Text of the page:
Moon Rocks To Be Scooped From Lunar Surface For First Time in Over 40 Years

by Jennifer Shea
moon-rocks-to-be-scooped-from-lunar-surface-for-first-time-in-over-40-years

A Chinese spaceship is heading to the Moon this month to gather the first moon rocks and dust brought back to Earth in more than 40 years.

The Chang’e-5 spaceship will spend 14 days, the equivalent of one lunar day, drilling and sampling the Moon, the Daily Mail reports. It will then go back to orbit and meet up with a returner spaceship. That spaceship will transport the samples back to Earth in early December.

Moon Trip Part of China’s Push Into Space

The Chang’e-5 is part of China’s renewed push into space exploration. By this March, China was launching a satellite mission nearly every other week, according to the South China Morning Post.

The Morning Post reports that the Chang’e-5 is supposed to bring back at least 4.4 pounds of lunar rock samples.

China reportedly believes space exploration is key to both its national security and its technological advancement. Competition between the U.S. and China in outer space has heated up in recent years, as the two world powers also vie for dominance by land and sea.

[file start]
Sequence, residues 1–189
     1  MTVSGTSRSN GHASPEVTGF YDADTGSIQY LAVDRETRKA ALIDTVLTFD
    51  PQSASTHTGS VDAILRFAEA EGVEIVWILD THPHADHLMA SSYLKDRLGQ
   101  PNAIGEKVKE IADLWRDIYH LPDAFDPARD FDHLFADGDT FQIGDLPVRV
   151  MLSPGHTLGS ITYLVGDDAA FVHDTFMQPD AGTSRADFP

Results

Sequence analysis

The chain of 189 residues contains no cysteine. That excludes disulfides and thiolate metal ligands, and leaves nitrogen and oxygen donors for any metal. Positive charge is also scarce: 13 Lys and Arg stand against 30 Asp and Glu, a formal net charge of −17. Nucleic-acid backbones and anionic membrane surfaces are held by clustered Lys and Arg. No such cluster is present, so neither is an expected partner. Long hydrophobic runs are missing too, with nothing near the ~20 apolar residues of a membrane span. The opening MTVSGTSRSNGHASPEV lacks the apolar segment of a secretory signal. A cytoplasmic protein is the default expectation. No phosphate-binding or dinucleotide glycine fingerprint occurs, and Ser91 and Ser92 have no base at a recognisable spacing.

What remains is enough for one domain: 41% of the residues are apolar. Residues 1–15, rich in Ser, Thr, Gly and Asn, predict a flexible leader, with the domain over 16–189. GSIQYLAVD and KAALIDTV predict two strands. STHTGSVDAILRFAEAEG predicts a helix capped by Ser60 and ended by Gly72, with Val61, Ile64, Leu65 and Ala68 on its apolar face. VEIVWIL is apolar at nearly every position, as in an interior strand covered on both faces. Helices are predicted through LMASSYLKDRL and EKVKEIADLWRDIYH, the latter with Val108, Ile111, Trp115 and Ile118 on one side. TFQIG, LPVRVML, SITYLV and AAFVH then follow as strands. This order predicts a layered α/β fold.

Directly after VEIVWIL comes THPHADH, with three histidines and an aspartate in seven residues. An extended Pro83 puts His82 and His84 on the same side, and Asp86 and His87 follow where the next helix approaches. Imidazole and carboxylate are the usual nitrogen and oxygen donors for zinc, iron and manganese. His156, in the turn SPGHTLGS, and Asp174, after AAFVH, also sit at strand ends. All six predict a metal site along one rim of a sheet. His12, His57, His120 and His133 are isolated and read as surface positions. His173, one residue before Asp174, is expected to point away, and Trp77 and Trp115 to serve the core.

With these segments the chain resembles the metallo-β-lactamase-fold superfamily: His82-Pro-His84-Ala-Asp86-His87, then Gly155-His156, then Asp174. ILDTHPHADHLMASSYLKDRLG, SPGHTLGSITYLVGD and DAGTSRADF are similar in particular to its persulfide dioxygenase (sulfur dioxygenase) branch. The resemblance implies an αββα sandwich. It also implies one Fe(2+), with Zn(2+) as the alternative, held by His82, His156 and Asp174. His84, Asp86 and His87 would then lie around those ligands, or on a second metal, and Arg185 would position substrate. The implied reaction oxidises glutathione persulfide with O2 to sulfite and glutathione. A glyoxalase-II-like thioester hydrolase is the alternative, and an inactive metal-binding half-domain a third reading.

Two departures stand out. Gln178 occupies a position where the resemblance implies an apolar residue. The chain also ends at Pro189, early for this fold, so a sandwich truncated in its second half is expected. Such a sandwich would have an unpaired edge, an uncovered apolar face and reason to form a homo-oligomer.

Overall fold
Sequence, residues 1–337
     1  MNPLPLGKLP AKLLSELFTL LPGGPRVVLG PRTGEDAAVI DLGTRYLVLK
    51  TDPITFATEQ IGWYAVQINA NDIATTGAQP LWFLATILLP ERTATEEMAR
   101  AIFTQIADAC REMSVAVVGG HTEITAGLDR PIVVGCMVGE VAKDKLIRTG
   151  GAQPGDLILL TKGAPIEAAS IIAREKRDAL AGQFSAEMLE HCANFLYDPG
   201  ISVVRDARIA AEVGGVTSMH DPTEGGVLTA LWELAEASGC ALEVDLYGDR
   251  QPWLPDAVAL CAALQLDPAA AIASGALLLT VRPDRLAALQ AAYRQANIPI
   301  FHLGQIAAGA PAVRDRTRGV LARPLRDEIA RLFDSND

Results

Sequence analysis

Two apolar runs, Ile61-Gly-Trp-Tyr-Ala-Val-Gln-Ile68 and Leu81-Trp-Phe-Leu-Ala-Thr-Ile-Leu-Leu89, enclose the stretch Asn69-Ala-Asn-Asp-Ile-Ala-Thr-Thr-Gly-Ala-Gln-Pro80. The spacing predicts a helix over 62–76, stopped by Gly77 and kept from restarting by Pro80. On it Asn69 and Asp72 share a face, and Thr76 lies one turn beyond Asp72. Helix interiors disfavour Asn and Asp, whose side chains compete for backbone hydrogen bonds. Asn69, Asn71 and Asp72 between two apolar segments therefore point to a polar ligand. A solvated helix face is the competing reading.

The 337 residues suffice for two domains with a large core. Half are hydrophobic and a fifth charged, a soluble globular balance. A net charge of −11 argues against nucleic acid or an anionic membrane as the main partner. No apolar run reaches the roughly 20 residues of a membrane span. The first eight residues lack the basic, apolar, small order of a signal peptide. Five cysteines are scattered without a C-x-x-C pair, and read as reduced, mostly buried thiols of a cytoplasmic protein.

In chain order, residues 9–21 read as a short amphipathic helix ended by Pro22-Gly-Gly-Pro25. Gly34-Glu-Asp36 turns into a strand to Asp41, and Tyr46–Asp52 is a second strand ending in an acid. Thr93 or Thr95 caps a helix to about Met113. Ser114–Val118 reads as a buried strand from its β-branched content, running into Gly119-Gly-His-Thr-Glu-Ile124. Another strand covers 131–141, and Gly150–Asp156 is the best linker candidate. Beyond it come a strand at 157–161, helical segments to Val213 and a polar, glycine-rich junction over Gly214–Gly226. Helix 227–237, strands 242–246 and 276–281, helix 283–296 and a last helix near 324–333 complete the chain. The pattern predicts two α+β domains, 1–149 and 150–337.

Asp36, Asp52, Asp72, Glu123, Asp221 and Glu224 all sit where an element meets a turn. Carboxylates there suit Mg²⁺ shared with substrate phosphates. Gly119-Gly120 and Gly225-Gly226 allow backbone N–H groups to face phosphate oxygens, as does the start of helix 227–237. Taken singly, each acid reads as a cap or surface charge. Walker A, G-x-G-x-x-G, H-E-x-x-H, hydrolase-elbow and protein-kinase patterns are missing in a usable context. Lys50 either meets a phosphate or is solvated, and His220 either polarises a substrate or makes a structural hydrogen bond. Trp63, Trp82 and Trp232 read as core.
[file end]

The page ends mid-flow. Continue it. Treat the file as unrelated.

A Space Competition

China’s recent completion of the Beidou network of satellites created an alternative to the Global Positioning System (GPS), Bloomberg reported. And with trade tensions mounting between the two countries, technology companies fear a tech cold war may be brewing.

But the U.S. and China are not engaged in a “space race” as the U.S. and USSR were during the Cold War, Senior Research Fellow Dean Cheng of the Heritage Foundation said in 2016 testimony before Congress. Per Cheng, China is pursuing space exploitation, not space exploration.

Cheng added that there is a potential conflict with the U.S. over military uses of space. The Chinese believe the expansion of warfare requires greater situational awareness. And that requires extensive communications networks and arrays of networked sensors. Hence the Chinese expansion of satellites in outer space. 

Global competition aside, the new trove of moon rocks will be pretty cool.

Outsider.com